"The first day I was looking around me and that was a very bad feeling," said Houston resident Sroor Asaduddin, who had come to the mosque to pray.

Some came so they could participate in an organized blood drive or contribute to the funds being collected for victims of the attacks.

"I lie in bed and I see the plane going into the second building," Asaduddin said. "I don't think I will ever forget that."

In his sermon, Sallam encouraged worshippers to remain involved in the community and not retreat in fear.

Sallam told faithful Muslims to tell those around them that that Islam does not condone terrorism and that only a minority of extremists twist the religion's teachings to serve political ends.

At the Texas Air National Guard's 147th Fighter Wing, airmen and women stood in the midday sun in a parking lot at their headquarters at Ellington Field and bowed their heads as the chaplain, Capt. Wayland Coe, lead them in prayer.

"This is indeed a time of prayer for us," he said. "A time to pray for our nation, for our leaders and for those who died."

Speaker after speaker at the Rothko Chapel urged the audience not to allow hate to rule the emotions and urged them to support justice.

Ann Flamn, a clinical ethicist, brought her 16-month-old daughter to the prayer service seeking some consolation for cousins still not heard from in the New York disaster. "We are in mourning in the whole country," Flamn said. "It is important to remind ourselves that we create the barriers within a community."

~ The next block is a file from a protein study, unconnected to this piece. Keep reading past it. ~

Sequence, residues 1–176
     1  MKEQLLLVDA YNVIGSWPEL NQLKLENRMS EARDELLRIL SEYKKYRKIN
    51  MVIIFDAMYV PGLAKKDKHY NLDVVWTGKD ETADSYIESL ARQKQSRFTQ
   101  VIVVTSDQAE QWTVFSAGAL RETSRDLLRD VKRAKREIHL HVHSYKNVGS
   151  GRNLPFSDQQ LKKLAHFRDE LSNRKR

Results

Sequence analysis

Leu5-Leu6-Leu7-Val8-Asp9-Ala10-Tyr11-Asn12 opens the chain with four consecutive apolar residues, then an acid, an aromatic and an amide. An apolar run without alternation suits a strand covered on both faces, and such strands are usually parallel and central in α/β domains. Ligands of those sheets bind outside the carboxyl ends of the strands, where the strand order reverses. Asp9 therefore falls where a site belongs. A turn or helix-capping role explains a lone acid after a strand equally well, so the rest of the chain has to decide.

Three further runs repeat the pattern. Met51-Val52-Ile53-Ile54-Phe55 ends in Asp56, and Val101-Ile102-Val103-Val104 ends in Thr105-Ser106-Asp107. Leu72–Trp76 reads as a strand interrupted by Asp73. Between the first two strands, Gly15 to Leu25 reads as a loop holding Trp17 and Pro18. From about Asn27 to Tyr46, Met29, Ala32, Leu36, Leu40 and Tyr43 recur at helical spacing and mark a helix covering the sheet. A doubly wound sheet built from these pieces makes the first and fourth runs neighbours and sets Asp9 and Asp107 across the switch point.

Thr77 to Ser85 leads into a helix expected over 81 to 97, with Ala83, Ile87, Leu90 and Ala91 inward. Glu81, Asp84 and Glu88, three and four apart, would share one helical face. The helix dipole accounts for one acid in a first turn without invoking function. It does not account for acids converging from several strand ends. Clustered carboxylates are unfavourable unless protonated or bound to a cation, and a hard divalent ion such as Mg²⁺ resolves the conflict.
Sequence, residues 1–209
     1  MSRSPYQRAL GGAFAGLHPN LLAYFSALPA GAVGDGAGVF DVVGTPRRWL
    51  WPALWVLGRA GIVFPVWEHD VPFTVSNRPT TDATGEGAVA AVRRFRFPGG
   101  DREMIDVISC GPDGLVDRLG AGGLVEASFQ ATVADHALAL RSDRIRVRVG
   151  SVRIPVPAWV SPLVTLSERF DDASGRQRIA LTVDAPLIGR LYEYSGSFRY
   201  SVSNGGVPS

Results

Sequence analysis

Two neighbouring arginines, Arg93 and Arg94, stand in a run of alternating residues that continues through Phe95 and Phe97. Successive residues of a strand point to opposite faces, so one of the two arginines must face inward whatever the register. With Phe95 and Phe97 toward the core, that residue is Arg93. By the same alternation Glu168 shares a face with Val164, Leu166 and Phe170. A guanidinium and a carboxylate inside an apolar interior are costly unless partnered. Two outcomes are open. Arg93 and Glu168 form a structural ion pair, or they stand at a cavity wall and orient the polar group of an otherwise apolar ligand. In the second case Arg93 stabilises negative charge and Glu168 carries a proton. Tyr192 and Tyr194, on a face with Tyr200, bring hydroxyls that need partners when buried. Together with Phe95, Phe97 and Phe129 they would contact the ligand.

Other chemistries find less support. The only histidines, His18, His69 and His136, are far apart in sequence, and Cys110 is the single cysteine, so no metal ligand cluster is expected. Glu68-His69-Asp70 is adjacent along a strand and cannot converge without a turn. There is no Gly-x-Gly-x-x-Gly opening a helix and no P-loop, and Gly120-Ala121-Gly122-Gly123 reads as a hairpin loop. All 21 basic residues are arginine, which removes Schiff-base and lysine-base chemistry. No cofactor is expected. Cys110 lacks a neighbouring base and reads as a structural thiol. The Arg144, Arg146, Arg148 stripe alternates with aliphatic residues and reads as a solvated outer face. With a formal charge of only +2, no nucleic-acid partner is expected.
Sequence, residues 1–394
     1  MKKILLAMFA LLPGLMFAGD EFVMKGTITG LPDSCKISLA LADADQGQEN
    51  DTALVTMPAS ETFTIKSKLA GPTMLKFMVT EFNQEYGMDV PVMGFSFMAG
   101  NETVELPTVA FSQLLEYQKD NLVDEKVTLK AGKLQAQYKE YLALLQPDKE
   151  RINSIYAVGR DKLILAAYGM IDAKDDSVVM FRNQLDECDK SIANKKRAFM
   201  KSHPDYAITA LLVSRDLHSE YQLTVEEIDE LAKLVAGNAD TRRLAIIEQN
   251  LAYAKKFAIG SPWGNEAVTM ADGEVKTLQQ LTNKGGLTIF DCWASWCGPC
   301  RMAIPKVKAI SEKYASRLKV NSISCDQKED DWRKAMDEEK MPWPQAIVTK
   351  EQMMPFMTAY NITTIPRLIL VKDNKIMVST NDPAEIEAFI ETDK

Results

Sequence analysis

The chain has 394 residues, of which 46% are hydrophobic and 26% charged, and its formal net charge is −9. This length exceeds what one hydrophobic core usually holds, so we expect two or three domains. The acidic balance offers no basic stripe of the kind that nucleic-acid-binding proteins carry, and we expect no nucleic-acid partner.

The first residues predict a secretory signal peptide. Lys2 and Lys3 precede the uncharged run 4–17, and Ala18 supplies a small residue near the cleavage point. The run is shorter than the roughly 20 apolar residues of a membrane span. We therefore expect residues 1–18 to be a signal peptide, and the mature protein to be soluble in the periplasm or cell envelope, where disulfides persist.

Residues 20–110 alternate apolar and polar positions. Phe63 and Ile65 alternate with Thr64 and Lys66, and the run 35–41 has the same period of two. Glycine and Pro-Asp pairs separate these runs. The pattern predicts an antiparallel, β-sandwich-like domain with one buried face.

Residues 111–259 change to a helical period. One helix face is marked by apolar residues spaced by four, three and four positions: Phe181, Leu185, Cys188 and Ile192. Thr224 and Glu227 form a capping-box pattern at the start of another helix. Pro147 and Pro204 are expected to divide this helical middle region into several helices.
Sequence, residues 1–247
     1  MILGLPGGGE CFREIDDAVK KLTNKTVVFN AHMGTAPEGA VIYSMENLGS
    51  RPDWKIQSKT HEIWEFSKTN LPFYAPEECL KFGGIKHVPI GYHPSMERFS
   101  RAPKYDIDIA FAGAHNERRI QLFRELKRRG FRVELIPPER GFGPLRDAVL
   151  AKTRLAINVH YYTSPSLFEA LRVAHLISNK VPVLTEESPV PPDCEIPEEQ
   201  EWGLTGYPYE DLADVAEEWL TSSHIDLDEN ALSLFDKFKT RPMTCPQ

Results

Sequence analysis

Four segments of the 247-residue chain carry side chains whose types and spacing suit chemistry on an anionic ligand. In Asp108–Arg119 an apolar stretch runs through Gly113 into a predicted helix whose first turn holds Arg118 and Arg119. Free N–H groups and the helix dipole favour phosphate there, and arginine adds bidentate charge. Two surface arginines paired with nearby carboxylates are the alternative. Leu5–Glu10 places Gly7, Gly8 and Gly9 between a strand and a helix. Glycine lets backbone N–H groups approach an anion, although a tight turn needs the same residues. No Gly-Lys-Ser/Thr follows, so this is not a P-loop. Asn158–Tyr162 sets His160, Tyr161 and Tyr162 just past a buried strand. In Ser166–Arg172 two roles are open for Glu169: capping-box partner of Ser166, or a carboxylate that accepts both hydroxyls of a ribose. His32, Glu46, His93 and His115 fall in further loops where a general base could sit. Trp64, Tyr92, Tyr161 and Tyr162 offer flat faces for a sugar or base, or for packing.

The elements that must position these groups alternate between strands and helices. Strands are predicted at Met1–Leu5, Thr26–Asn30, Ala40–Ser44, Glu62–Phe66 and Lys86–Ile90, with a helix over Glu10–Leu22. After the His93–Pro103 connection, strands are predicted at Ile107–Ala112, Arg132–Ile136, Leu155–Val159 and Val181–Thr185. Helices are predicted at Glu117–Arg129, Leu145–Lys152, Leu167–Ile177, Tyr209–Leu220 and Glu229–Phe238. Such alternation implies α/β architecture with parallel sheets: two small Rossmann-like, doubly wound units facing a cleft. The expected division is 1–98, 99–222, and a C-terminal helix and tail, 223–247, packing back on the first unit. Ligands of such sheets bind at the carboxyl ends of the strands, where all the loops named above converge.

Houston Fire Department Chaplain Gary Blackmon extolled the efforts of hundreds of New York firefighters who lost their lives when the towers collapsed. "As the rain falls in New York City today," Blackmon said, "I pray it is an indication of the mourning going on in God's heart."

Sayeed Siddiqui, president of the Islamic Society of Greater Houston, said Americans were horrified at what happened this week.

"There are physical injuries and then there are spiritual injuries. Physical injuries will eventually heal but spiritual injuries have left a scar for life. The only way to ease some of this pain is for all of us to come in the comforting shadow of almighty God, asking for his grace, asking for justice and then forgiving and being patient."

At the Congregation Beth Israel chapel, every seat was filled on Friday evening.

"On this night it is appropriate to cry," Rabbi David A. Whiman said at the Shabbat service. "This is a time of deep national anger and anxiety. But friends, this is not a time of fear."

At Houston City Hall, about 3,000 people attended a candlelight vigil Friday night.

"Life will never be quite the same again," Mayor Lee Brown said. "There is shock, grief and outrage, not only here but throughout the entire world."

Chronicle reporters Tara Dooley, Terry Kliewer, Melanie Markley and Richard Vara contributed to this story.

©Copyright 2001, Houston Chronicle